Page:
"Lots of chat, lots of energy, he doesn't shut up, Marnus, but I think at the end of a long series his energy has been great, to have him around the group the last few days," Paine said. "We know how good a cricketer he is, he's really skilled in all facets of the game. So if he plays tomorrow, we know if the conditions suit we saw in the UAE his leg spin's improved out of sight, and you're almost leaning towards him at Test level now as a bit of an all-round option, which is a really good package for us.

"We think it will spin here so if India were to play two spinners I think Pete can be a really important player for us, we know how good a player of spin he is, so that's one of the discussions we'll be having, whether India are going that way and if they are, are we prepared to bring him back in. I'm sure if he does he's an excellent player of spin, and contributes a lot tot the group. Like Marnus he's a very good package and person to have around the team, and we hope when he does play again he scores a lot of runs."

As for Khawaja's place in Australia's plans, Paine said that he would be an opener or a No. 3 depending on circumstances. Beyond the returns of Smith and Warner, it is not difficult to picture a top five featuring the banned duo, Khawaja, Harris and Travis Head. "Usman's opening record in Test cricket is very good and he's been on record saying he's not too fussed where he bats, whether it's Nos. 1 or 3," Paine said. "So his record's great, if that's the way we go Usman will go out and give his all and I think the way he's handled the last month or so has been exemplary, so it's a real credit to him.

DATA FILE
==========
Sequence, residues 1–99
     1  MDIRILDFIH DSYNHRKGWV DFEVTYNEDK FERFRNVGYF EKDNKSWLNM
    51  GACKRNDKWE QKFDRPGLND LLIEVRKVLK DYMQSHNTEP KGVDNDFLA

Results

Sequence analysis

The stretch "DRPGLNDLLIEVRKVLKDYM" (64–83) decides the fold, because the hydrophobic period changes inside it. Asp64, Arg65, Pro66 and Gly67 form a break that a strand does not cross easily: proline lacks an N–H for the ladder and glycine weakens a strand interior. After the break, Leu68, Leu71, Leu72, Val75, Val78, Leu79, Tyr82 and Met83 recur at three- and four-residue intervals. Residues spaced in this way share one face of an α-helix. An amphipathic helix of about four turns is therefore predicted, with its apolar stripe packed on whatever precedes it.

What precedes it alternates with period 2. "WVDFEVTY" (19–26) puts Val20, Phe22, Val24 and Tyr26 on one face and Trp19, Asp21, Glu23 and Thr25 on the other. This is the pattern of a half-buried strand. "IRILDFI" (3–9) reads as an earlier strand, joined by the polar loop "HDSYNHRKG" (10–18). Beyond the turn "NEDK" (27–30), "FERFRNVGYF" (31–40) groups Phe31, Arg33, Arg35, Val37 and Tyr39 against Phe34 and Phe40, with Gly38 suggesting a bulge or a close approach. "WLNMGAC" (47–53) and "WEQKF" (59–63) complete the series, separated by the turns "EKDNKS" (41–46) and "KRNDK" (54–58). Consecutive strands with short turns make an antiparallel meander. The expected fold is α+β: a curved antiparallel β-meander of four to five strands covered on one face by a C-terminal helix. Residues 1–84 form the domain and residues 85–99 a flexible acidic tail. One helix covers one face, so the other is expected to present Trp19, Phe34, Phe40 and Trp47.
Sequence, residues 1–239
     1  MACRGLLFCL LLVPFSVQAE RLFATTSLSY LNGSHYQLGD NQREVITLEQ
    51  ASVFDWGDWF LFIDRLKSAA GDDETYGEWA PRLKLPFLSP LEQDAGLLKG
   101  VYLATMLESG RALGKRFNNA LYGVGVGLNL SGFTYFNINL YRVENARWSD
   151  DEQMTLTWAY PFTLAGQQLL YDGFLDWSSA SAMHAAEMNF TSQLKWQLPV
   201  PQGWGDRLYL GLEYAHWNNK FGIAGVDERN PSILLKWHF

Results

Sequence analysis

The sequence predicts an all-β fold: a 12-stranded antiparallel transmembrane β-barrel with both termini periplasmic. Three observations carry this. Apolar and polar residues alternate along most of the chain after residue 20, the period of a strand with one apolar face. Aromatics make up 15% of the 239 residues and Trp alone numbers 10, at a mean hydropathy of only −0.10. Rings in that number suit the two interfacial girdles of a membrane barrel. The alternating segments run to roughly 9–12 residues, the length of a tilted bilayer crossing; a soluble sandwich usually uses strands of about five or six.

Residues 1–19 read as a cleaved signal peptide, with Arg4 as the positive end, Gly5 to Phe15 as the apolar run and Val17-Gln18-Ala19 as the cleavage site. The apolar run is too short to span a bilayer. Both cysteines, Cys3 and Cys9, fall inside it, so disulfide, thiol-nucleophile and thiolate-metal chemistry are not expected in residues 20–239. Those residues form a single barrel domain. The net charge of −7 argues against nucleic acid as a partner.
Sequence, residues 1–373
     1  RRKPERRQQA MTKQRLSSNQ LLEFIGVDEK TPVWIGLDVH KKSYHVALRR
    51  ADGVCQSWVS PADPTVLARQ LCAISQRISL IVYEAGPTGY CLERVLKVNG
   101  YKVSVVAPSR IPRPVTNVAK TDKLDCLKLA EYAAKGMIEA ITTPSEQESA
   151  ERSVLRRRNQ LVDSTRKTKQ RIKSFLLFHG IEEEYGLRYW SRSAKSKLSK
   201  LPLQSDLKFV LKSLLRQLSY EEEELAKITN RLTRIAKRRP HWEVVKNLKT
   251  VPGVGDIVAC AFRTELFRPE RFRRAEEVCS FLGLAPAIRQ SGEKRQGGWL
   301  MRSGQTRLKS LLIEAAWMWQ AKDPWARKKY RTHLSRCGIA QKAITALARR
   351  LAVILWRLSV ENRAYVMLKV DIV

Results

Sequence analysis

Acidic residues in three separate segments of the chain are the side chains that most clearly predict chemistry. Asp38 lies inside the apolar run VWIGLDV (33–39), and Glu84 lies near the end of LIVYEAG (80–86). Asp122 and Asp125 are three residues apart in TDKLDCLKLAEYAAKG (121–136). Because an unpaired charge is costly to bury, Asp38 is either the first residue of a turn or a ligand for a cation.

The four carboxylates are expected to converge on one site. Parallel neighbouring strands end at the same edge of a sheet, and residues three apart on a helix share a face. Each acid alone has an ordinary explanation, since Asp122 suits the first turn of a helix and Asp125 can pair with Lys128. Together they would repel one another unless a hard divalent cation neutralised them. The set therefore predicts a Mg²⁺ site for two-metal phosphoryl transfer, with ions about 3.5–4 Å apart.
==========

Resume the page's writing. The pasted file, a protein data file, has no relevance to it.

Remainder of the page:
"I hope they [Smith and Warner] are welcomed back, everyone's entitled to their opinion and will have a different view on it, but I think once they've done their time I'm certainly very hopeful the Australian public and the cricketing public in general will welcome those three guys back and give them a fair chance of coming back into the scene. Just to be treated like all other cricketers are."

Reflecting on the series so far, Paine said the emotional ups and downs of a narrow defeat in Adelaide, a strong victory in Perth and then a humbling reverse in Melbourne had made it challenging to manage the mental state of his young team. Even so, he looked ahead to a year in which the holes in the batting order would mean that by the time Smith and Warner came back, there would be a bevy of younger players steeled and hopefully not scarred by their experiences this summer.

"The difficult thing after Perth was more the external stuff, for a younger group we had gone from a team that was no good to all of a sudden really good and then we were back down here so it is about trying to keep a bit of perspective, a reality, about where we are at," Paine said. "I think we are showing signs of getting better, I think in the last Test while our batters didn't set the world on fire most guys got a start and showed that they can succeed at this level, so this Test there is going to be a real focus from our batting group.

"We know we are not going to win too many Test matches without scoring hundreds and that's something that we have spoken about and something we are really keen to improve and address. As I said in the last few Tests, the silver lining is that in a few Tests time we have some world-class players available and we are going to have some younger guys with eight to ten Tests under their belt so, it is going to be a great thing for Australian cricket."